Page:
Wärtsilä has secured a contract to deliver a range of solutions including propulsion, electrical and automation equipment for two new cruise ships Seabourn Encore and Seabourn Ovation being built for US-based Seabourn Cruise Line by Italy’s Fincanteri.
Currently, Seabourn Encore is under construction and the Seabourn Ovation is scheduled to join the fleet in 2018.
As part of the deal, each vessel will be equipped with four Wärtsilä 32 engines and two 6MW, low noise, diesel-electric propulsion units featuring a combination of frequency converter design and redundant layouts.
The ships’ navigation and automation systems to be provided by the company will include Wärtsilä Nacos Platinum and Wärtsilä Valmatic Platinum systems.
The company will also provide consoles for the bridge and engine control room, including a video wall; a tank level and flood detection system and the valve remote control for the new vessels.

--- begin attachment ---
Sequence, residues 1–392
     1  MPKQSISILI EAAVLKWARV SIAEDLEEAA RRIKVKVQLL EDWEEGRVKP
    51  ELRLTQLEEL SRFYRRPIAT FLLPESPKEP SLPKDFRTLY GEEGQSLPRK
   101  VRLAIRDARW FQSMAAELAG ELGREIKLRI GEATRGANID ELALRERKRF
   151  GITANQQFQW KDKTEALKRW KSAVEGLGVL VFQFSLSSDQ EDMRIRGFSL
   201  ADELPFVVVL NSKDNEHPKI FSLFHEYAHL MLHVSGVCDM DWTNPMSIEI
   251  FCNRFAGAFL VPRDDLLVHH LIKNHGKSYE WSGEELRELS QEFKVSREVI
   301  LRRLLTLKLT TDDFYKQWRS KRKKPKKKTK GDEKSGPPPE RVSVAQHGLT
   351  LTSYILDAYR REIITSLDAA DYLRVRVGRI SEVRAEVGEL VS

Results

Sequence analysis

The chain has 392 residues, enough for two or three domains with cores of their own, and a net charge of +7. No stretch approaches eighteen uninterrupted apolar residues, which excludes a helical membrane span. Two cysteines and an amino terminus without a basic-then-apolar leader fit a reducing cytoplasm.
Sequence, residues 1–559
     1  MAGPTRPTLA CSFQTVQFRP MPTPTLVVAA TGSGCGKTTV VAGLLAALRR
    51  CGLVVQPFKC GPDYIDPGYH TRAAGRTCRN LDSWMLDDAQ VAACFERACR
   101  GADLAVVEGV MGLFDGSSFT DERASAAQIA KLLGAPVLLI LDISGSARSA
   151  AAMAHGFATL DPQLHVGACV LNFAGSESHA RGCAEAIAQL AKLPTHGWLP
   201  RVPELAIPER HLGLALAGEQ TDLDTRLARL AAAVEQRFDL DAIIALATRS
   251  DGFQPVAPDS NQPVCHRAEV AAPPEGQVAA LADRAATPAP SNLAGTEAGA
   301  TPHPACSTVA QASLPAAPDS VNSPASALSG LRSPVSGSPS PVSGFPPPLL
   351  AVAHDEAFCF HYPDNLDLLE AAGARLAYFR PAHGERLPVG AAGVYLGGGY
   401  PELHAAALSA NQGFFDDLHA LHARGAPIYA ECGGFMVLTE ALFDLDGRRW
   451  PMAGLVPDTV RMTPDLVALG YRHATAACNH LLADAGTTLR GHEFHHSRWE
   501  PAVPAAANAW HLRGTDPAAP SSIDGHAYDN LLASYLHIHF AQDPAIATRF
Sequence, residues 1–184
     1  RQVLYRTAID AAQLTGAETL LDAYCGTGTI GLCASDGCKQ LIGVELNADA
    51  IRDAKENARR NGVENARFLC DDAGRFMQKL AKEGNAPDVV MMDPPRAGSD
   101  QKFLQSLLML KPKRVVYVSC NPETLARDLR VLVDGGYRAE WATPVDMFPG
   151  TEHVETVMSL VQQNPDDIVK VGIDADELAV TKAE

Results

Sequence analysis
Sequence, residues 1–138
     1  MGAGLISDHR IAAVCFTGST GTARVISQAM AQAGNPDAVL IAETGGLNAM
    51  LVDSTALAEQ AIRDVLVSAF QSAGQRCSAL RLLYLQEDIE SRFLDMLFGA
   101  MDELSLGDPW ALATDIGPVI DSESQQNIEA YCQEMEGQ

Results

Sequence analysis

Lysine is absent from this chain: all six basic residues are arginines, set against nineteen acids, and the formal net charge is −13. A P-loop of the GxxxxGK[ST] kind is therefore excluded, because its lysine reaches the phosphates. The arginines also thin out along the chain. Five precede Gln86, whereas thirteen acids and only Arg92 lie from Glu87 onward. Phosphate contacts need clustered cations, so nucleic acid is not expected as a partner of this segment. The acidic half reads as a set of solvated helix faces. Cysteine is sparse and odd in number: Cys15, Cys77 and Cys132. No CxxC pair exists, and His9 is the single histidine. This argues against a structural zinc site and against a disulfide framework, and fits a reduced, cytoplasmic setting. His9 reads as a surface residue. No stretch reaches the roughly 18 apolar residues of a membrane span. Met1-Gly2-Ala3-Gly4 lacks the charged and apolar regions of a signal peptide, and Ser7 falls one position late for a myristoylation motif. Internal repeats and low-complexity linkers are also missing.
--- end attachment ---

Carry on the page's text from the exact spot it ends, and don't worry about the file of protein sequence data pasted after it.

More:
Wärtsilä also expects to provide four thruster drives for the bow and stern, four diesel alternators, four AC motors for the thrusters, two dedicated 6.6kV switchboards for high voltage distribution, and four transformers for low voltage mains supply.
Wärtsilä marine solutions automation, navigation and control director Maik Stoevhase said: "Modern cruise vessels are highly complex with unique operational requirements and Wärtsilä has developed its technologies accordingly to meet these demanding requirements.
"We are, therefore, extremely pleased to have been once again chosen to provide our state-of-the-art systems for an important cruise vessel operator."
The company’s Nacos Platinum solution is said to help integrate all navigation and automation system controls into a single system, which allows the vessel to be navigated, controlled, and monitored from different onboard positions.
In January, Wärtsilä Nacos Platinum system has been selected to retrofit ‘The World’, which is claimed to be the largest, private, residential ship on the seas.
Image: Wärtsilä to provide propulsion, electrical and automation solutions to Seabourn’s cruise. Photo: courtesy of Wärtsilä